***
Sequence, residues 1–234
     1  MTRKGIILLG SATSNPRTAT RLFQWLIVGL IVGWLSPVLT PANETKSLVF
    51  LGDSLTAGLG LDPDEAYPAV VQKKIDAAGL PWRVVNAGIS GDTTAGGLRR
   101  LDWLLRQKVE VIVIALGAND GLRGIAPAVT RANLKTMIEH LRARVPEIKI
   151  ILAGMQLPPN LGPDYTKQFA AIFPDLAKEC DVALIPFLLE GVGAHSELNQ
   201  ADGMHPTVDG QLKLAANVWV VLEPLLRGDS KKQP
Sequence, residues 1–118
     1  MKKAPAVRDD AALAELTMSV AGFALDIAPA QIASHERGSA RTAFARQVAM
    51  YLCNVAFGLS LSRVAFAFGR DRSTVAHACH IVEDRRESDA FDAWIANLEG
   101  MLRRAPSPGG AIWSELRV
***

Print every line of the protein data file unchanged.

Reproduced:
Sequence, residues 1–234
     1  MTRKGIILLG SATSNPRTAT RLFQWLIVGL IVGWLSPVLT PANETKSLVF
    51  LGDSLTAGLG LDPDEAYPAV VQKKIDAAGL PWRVVNAGIS GDTTAGGLRR
   101  LDWLLRQKVE VIVIALGAND GLRGIAPAVT RANLKTMIEH LRARVPEIKI
   151  ILAGMQLPPN LGPDYTKQFA AIFPDLAKEC DVALIPFLLE GVGAHSELNQ
   201  ADGMHPTVDG QLKLAANVWV VLEPLLRGDS KKQP
Sequence, residues 1–118
     1  MKKAPAVRDD AALAELTMSV AGFALDIAPA QIASHERGSA RTAFARQVAM
    51  YLCNVAFGLS LSRVAFAFGR DRSTVAHACH IVEDRRESDA FDAWIANLEG
   101  MLRRAPSPGG AIWSELRV